I recently joined several other Frenchly writers for a webinar where we shared some of our favorite things to see and do in France, those that might not be on the usual tourist agenda. We discussed Paris, Provence, the Dordogne, and other beautiful parts of this beautiful country.
The webinar is about an hour long, and things get going at about the four-minute mark (after various commercial announcements.) It might give you some good ideas for your next trip here!
You can watch the webinar here.
France is an easy country to drive in but, like every country, it has its quirks. So I’ve written a guide to French driving, including these helpful topics:
- How to avoid disaster at the pump
- A special leasing program that can save you money
- How French toll roads work
- An important setting on your GPS
- French traffic circles
- And, of course, French drivers
Read all about it at My French Life!
You may already know that the French invented pasteurization and the stethoscope, and maybe even mayonnaise (it’s a hotly debated subject.) But did you know that they also invented the stapler? And how about my favorite, the hair dryer?
Learn all about some of France’s most interesting inventions in The Good Life France!
Some quotes from France are beyond famous. King Louis XIV saying “I am the state” or Napoleon’s “An army travels on its stomach” are known around the world. And, if you love quotes, you’ll enjoy these fun France sayings…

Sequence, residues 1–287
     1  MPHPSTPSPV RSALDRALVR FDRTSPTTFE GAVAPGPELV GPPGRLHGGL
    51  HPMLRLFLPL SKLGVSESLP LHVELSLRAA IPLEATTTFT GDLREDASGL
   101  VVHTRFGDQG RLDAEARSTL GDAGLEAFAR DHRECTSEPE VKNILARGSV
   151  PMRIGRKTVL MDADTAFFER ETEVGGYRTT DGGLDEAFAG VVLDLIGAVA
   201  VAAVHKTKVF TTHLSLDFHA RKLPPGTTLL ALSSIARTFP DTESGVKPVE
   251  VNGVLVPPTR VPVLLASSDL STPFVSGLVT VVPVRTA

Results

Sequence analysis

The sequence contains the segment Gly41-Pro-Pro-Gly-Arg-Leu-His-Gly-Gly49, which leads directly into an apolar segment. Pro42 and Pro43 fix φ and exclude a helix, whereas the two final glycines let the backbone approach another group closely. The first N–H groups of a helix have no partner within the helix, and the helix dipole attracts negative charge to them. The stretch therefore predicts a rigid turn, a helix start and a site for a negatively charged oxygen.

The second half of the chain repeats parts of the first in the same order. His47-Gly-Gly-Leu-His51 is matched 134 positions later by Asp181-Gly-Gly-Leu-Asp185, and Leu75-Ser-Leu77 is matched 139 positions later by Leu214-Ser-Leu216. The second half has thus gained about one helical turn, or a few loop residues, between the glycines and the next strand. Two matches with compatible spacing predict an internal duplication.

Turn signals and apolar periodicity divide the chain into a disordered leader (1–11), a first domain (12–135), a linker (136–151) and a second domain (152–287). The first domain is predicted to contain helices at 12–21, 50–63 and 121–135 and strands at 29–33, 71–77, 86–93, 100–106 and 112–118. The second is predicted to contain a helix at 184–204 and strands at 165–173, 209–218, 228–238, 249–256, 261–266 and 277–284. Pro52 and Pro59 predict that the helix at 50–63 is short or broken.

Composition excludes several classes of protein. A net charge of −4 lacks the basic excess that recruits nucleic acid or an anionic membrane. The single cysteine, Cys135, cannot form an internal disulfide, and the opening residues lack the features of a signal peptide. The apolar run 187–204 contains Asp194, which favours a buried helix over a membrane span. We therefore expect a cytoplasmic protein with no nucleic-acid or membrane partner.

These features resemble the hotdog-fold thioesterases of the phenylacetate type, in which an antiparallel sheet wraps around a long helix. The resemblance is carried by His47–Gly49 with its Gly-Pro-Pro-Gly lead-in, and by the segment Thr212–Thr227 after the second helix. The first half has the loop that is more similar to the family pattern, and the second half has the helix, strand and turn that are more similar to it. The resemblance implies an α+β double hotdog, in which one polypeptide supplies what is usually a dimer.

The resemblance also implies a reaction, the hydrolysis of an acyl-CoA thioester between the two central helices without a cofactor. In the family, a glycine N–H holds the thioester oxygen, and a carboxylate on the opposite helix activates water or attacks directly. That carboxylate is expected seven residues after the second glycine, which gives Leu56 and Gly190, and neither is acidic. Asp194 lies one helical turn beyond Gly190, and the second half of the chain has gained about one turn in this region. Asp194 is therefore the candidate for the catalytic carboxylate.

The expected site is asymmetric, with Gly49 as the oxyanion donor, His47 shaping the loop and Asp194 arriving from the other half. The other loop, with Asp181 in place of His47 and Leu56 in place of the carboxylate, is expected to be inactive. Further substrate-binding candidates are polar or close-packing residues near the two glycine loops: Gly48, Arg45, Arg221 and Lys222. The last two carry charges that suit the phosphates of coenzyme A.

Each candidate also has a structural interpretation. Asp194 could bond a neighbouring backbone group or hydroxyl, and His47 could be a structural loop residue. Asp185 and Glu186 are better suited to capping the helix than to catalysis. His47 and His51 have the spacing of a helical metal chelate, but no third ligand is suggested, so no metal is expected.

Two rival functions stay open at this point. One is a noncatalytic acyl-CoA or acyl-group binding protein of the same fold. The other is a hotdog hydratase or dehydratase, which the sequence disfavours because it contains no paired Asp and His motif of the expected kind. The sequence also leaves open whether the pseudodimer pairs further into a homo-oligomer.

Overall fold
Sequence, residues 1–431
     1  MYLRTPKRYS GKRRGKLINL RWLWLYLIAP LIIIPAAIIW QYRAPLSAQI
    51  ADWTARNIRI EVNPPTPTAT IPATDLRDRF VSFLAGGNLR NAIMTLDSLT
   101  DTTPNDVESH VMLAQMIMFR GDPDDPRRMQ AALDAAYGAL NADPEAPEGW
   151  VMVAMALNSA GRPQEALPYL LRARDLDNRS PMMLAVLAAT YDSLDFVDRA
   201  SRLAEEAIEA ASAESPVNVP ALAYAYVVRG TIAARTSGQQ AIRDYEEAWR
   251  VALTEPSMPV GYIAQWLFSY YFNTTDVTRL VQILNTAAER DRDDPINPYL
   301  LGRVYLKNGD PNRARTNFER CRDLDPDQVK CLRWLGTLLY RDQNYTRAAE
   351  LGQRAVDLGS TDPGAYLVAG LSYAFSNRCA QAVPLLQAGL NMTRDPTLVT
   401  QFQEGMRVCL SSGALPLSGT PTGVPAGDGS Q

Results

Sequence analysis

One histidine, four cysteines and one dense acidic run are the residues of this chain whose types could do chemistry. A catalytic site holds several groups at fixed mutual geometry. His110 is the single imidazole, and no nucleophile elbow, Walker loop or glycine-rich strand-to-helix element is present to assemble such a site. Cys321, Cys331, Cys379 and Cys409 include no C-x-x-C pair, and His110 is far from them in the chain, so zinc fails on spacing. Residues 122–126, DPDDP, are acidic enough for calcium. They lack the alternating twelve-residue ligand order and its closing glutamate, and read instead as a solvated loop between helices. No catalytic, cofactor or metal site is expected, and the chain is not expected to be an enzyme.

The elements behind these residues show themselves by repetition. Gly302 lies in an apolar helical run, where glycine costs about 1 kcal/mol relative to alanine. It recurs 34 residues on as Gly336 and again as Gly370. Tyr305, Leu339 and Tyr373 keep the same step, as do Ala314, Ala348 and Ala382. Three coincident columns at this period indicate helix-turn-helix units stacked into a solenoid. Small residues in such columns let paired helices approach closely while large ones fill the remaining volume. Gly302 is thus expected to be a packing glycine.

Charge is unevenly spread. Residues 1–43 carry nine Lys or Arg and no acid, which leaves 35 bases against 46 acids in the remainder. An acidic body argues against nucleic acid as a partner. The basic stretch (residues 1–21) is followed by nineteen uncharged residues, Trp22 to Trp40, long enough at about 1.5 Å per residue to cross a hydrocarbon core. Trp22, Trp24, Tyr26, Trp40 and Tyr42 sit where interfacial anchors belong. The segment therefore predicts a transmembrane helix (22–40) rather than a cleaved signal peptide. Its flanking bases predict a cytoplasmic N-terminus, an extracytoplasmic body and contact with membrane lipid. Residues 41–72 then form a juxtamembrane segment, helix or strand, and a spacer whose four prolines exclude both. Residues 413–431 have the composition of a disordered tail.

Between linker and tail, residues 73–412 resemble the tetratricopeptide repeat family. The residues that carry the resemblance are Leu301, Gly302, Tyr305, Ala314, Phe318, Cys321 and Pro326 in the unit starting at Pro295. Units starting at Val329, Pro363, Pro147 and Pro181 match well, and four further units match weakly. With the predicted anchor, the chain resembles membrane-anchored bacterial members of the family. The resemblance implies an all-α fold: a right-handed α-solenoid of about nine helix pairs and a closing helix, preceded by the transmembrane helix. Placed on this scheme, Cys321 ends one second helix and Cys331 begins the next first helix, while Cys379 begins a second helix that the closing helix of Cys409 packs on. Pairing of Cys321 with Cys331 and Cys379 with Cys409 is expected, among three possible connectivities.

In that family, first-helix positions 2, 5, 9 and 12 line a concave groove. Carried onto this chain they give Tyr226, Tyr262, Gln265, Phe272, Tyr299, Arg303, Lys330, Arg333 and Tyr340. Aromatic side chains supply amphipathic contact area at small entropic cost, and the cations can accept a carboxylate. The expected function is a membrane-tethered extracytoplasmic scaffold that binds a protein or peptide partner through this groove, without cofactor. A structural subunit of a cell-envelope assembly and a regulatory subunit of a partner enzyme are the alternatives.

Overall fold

“How can you govern a country that has 246 varieties of cheese?”—Charles de Gaulle
“France is the most civilized country in the world and doesn’t care who knows it.”—John Gunther
“They have a very low rate for attempted murder and a high rate for successfully concluded murder. It seems that when a French person sets out to kill someone, they make a good job of it.”—Nick Yapp
“You should definitely visit the Louvre, a world-famous art museum where you can view, at close range, the backs of thousands of other tourists trying to see the Mona Lisa.”—Dave Barry
“Boy, those French. They have a different word for everything.”—Steve Martin
“True, you can sit outside in Paris and drink little cups of coffee. But why this is more stylish than sitting inside and drinking large glasses of whiskey I don’t know.”—P.J. O’Rourke
“France has neither winter nor summer nor morals—apart from these drawbacks it is a fine country.”—Mark Twain